For the last five years, Rob Scotlan, the eight grade English teacher, and I have been co-teaching a research unit focusing on topics in African American history that contribute to the experiences of the characters in the book To Kill a Mockingbird by Harper Lee. Each year, the goal of the project is to go beyond researching a single topic. We achieved this goal, sometimes more successfully than others, by finding ways for the students to share their research with their classmates. When they finish reading the book they use their research and that of their classmates to write an analytical essay incorporating historical context in their analysis. Oral reports, individual and group work, PowerPoint presentations and Moodle tools have been used as research project "products" to try to meet the goal of sharing information and understanding found during the research process. This year, we tried something new, but may have stumbled upon the perfect solution in the process.
One school-week ago we launched To Kill a MockiPEDIA. Using the Google Apps for Education platform adopted this year, and building on skills already learned during a previous research and web site project in 8th grade history, we created a site and invited the entire 8th grade to edit it collaboratively. To give some guidance and to build a framework that would meet the goal of the project, we created a "skeleton" of the site by dividing topics in African American history by eras and adding sub-pages with topics we've used in past years. Students were provided a rubric with a list of different ways to contribute to the site with associated point values and expectations. We want each student to make a variety of contributions to a number of different topics. We expect them to use expert sources, as they would for any research project, and we value quality over quantity. Students will work on the site in class one day each week for the next seven weeks while also reading and discussing the book the rest of the week. Rob and I explained all of this to the students and then set them free...the results so far have been inspiring.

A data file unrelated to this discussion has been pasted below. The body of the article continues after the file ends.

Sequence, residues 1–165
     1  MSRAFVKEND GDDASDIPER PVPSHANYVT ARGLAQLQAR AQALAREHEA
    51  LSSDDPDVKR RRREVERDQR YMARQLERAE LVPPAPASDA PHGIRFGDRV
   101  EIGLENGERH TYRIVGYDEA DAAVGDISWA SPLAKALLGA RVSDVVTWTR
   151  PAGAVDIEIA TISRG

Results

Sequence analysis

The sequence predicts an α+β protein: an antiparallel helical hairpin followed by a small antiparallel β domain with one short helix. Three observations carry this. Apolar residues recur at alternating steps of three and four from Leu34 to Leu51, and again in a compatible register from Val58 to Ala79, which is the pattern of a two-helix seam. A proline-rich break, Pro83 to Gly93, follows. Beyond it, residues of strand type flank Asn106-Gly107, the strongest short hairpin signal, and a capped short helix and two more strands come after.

This project, more than any I've worked on before, follows a constructivist model. Rob and I are truly facilitating rather than instructing. Students are making decisions about what topics to research, adding new topics when they deem it necessary, identifying possible incidents of plagiarism, and negotiating speed bumps inherent in any collaborative project. Rob and I are enjoying our roles as advisers and facilitators. Although keeping students accountable and tracking their contributions has necessitated a bit of extra time and effort, the positives have far outweighed any negatives. Students are engaging in a real-world experience that has already created teachable moments in digital citizenship. Today, two students were working on the same topic and discovered information differed depending on the source they used. We discussed how to work through the problem and they decided whether to trust one source over the other or address the discrepancy within the article they were writing. Another student had to decide what to do when a paragraph written about one of the topics sounded very much like something he'd read in an article on a subscription database. Was it plagiarism or an accident and how should it be handled? We've coached all the students to view editing of their work by classmates not as a judgment or criticism, but simply a different perspective that will make the collective product better in the long run.
I plan to post an update each week on the progress of this project and the very similar seventh grade Shakespeare unit, Et Tu, PEDIA? (yes, they are studying Julius Caesar). Wish us luck and join us in our grand experiment. It's been a wild ride so far!
Next week: What we've learned so far and tracking student contributions...